Creating an environment in which kids are not competing against one another, but are striving for their personal best, will propel even the most reserved kid to jump head first into the learning.

6. Classroom discipline should NOT be punitive. Sure, there will be times when your students won’t deserve any praise, let alone candy. When it comes time to reprimand, classroom discipline is most successful when students are guided and directed, rather than scolded.

Establish a code of conduct, a “covenant,” with your students at the beginning of the year. Set expectations for communal behavior and reinforce a classroom culture where students are lauded for respecting your shared goals and each other.  When the time inevitably comes that a student misbehaves, firmly explain to him or her why their actions violate the class covenant and ask how they intend to get back on course.

Positive peer pressure alone can often sway students to behave like mensches.

7. You are NOT teaching Bible trivia. Of course, facts are important. But just memorizing the names of the first few kings of Israel only provides the answers to future crossword puzzles. We can’t stop there. It is crucial that students develop an enduring understanding of the material we present them.

For example, what is the historical context in which the monarchy came into existence?  How have Kings Saul, David and Solomon shaped our history?  And for that matter, why don’t the Jewish people have a king or queen anymore?

8. Create a strong Classroom-Home Connection. While we are motivating our students, we need to also focus our attention on motivating families.  As in all learning environments, parents are our partners in Jewish education, too.  Without the support of families, our goals and objectives become nearly impossible.

If children feel that their parents are ambivalent about Judaism in general, and Jewish education is viewed as a non-priority to be shifted around like the little squares in one of those sliding tile puzzle games, then we are toast.

Let’s face it: There are lots of Jewish parents out there who send their kids to us to be educated, but who, for a variety of reasons, are not so connected to Yiddishkeit themselves. Parents need to see the relevance in their own lives and pass on that love of Jewish learning to their kids.  We can help parents achieve this through both formal and informal Jewish family education efforts.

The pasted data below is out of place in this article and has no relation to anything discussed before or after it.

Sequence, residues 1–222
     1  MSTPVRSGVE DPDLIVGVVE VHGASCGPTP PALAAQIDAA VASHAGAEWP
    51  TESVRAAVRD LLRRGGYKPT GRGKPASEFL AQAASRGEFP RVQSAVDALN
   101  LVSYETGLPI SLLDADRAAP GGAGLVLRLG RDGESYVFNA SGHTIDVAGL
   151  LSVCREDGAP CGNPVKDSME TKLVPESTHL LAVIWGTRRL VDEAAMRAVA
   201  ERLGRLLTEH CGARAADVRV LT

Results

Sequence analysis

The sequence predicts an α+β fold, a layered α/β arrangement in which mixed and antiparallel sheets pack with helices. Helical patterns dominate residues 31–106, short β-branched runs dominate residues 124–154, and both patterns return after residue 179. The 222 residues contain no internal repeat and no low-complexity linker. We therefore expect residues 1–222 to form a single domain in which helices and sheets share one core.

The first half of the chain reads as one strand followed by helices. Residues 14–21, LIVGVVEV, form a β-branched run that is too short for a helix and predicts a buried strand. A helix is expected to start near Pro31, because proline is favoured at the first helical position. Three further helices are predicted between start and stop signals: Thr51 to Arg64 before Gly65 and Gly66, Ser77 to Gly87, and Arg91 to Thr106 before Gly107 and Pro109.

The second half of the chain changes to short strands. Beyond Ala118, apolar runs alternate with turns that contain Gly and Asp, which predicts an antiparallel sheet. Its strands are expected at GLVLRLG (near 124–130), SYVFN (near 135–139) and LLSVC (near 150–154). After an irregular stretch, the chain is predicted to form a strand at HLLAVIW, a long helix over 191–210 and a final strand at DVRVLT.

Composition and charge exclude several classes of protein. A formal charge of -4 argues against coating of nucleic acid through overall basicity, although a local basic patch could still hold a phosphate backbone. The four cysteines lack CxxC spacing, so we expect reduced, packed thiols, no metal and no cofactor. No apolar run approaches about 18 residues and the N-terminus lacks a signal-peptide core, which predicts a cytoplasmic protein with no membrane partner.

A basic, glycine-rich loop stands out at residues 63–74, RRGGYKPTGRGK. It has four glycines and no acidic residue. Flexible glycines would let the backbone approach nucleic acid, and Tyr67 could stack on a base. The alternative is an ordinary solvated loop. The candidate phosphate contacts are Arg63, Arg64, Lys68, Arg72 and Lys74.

Family Education makes a lasting impact in the everyday classroom!

Yes, even with this model, we might feel resistance from our students to be motivated to learn Jewishly.  And conversely, occasionally we witness children who soak up “the Jewish” like sponges, even though their parents are not overtly interested and connected themselves.

Bottom line: As education directors and teachers, we need to be an endless source of motivation, energy and ideas for inspiring our communities to become lifelong Jewish learners!

(Fellow educators: What tips do you have for keeping students engaged in the classroom and for motivating parents to extend our lesson plans into the home?)


The New York Times recently dove into the world of religious fight clubs

Wow. The New York Times just ran a riveting story on the growing use of kickboxing and violent cage fighting (as opposed to the gentle kind) to lure young men into church. One Tennessee church called “Xtreme Ministries” follows up Bible class with lessons how to beat the crap out of each other.

The school’s slogan: “Where Feet, Fist and Faith Collide!”

The Times says the fights are “part of a larger and more longstanding effort on the part of some ministers who fear that their churches have become too feminized, promoting kindness and compassion at the expense of strength and responsibility.”

For the record, I believe that Hebrew Schools and all religious education programs should just stick to the kindness and compassion stuff.

You can read the full martial arts story here.

Magen David tower fashioned out of Kapla building blocks

This is how you can tell who is the Jewish educator’s kid… Dump a crate of blocks on the playroom rug and see what the children come up with.

This Star of David tower was built by my 7-year-old son, Ari. He likes to take pictures of his creations because he hates to put the blocks back in the box and “ruin” his artistic vision. Perhaps the Louvre will call when they set up a religious symbol exhibit.

Or, maybe Ari will eventually pursue Jewish themes with his LEGOs, in the same spirit as this guy who is recreating the Bible in plastic bricks.

These images are from the wickedly clever web site, The Brick Testament:

Adam's rib before it becomes Eve - from The Brick Testament

Cain and Abel - The world's first premeditated murder from The Brick Testament.

Israelite spies penetrate the walled city of Jericho with help from an unlikely ally (go read the story again) -- from The Brick Testament.